Federally Developed Technologies Go to Work

(Released 2 February 2017) Richland, WA – A tool to assess and address cyber and physical security issues and an inexpensive way to create a microscope out of a cell phone are being used by businesses and individuals, thanks to teams who worked to move them out of the laboratory and into the marketplace.

The technologies were developed at the Department of Energy's Pacific Northwest National Laboratory, which then went beyond standard efforts to find a partner interested in licensing the analysis tool or, in the case of the smartphone microscope, made the design freely available to the public.

The Federal Laboratory Consortium annually recognizes federal laboratory teams and their industry partners for outstanding technology transfer achievements.

"Every year, millions of American taxpayer dollars go to fund research and development at PNNL," said Rosemarie Truman, PNNL's Director of Innovation Impact. "Our goal is to maximize the impact of our inventions by using novel paradigms to move inventions to market and thereby boosting US industrial competitiveness."

PNNL has earned 85 FLC awards since the awards program was established in 1984 — far more than any other national laboratory. The 2017 award winners are:

Cyber and physical attacks — preventing a one, two punch

You've seen it in a movie: A tech savvy geek with a laptop hacks into a bank's security system, allowing a stealthy intruder to slip through the back door undetected. The thief places a device that gives the hacker access to the vault. Exploiting both cyber and physical security at once is a common trope for heist and spy movies, but in the real world, these types of attacks could cause black outs, identity theft, data breaches and more. Researchers at PNNL developed a tool that can help prevent these attacks, called the Physical and Cyber Risk Analysis Tool, or PACRAT.

PACRAT discovers potential vulnerabilities by analyzing how cyber and physical systems affect each other, identifying vulnerabilities not found by looking at the systems independently. The software analyzes every potential pathway for a breach and discovers elements that are commonly exploited in successful attacks. PACRAT can then prioritize security upgrades based on its analysis.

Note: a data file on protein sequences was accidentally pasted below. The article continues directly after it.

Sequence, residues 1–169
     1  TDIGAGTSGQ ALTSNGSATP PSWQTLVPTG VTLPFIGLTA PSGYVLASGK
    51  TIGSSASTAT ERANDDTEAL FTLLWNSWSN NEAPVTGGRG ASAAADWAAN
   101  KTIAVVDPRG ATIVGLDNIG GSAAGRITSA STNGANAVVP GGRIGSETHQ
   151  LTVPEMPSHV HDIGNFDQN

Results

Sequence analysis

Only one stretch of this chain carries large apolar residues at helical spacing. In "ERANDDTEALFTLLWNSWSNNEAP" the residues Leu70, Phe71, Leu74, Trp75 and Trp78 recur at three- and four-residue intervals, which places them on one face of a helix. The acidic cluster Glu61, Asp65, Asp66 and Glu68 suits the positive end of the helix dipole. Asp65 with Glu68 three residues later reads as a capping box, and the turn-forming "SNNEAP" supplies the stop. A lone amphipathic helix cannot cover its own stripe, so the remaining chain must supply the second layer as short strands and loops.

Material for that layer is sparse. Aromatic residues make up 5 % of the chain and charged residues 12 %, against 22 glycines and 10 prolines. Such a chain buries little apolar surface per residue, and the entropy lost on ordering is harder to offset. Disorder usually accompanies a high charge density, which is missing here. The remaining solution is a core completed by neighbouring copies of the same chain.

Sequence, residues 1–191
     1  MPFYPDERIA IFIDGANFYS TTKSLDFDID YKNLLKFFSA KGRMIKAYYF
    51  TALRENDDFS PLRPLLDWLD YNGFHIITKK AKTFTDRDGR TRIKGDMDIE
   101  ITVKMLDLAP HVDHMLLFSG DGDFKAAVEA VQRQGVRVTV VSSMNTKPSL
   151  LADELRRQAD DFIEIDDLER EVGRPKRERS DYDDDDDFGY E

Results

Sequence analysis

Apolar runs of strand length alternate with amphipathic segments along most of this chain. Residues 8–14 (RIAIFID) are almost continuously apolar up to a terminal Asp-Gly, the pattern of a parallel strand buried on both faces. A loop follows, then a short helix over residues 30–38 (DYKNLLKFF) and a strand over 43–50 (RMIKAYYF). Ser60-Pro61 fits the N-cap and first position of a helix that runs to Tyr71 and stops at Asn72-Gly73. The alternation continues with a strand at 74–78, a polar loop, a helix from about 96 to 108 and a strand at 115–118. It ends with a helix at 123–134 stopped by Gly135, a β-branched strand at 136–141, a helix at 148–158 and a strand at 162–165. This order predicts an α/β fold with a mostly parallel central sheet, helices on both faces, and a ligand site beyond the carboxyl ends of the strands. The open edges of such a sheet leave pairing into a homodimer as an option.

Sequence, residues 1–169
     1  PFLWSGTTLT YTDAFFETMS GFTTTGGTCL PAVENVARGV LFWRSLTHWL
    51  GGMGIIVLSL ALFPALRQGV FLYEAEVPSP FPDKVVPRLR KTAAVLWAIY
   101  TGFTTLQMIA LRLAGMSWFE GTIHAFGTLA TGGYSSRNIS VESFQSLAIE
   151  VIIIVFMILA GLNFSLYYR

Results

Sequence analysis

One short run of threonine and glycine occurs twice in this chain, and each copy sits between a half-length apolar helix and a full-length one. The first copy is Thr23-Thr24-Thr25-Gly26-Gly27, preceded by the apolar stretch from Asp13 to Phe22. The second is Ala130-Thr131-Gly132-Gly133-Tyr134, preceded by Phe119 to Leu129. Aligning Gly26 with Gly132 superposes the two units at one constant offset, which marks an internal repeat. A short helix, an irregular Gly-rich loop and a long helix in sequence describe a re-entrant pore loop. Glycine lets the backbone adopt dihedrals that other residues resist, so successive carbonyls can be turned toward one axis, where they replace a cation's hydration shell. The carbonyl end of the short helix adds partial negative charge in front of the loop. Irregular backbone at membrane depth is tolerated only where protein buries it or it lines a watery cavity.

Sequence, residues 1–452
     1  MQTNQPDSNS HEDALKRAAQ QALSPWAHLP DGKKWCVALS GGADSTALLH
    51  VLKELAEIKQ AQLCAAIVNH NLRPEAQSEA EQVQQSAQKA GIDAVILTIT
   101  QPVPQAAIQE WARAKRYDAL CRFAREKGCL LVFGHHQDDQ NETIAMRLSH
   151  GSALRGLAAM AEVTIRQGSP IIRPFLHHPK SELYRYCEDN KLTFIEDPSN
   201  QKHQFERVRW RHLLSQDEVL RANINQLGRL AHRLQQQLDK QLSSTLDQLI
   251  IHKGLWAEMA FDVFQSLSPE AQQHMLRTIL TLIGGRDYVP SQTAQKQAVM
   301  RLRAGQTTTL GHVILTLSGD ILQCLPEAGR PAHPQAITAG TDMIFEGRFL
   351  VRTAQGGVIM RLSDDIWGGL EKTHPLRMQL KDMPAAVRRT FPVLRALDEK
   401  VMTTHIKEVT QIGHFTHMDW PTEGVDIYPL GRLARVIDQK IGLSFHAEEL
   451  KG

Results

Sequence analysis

The software was licensed to Albuquerque-based RhinoCorps, Ltd. Co. in March 2016, after being demonstrated to potential industry and government licensees through the Department of Homeland Security's Transition to Practice Program. RhinoCorps is integrating the tool into a platform for federal and commercial customers to evaluate cyber and physical security risks.

The PACRAT team includes PNNL's Doug MacDonald, Kannan Krishnaswami, Casey Perkins, Samuel Clements, and William Hutton; and RhinoCorps' Anthony Contri and Dan McCorquodale.

A microscope in your pocket

PNNL's smartphone microscope is a sleek, simple, and inexpensive way to turn a smartphone into a cost-effective, portable, and powerful microscope — allowing anyone with a smartphone to explore the world's tiniest objects. A glass bead in a plastic housing converts the nearly ubiquitous camera phone into microscope that magnifies a specimen or other item of interest either 100 or 350 times. Originally part of an effort to develop a tool to quickly identify biological materials in the field, a unique decision by the inventors and PNNL's commercialization staff made the microscope available at no cost to the general public via a free, downloadable 3D printer design.

Not counting the cost of the printer, a microscope can be printed for pennies. The inventors have volunteered countless hours fielding inquiries, demonstrating use, and printing the device for students and others. The decision to provide the technology design at no cost cut months — even years — from the transfer process and has enabled scientists and students everywhere to easily access it for field or classroom use.

The smartphone microscope team includes Rebecca Erikson, Janine Hutchison, Josef Christ, Ron Thomas, Derek Maughan, and Gary Spanner; former PNNL staff member Cameron Hohimer; and Plastic Inspection Molding's Ken Williams.

Susan Bauer
Email: susan.bauer@pnnl.gov
Phone: (509) 372-6083

Released by Pacific Nortwest National Laboratory. Click here for source.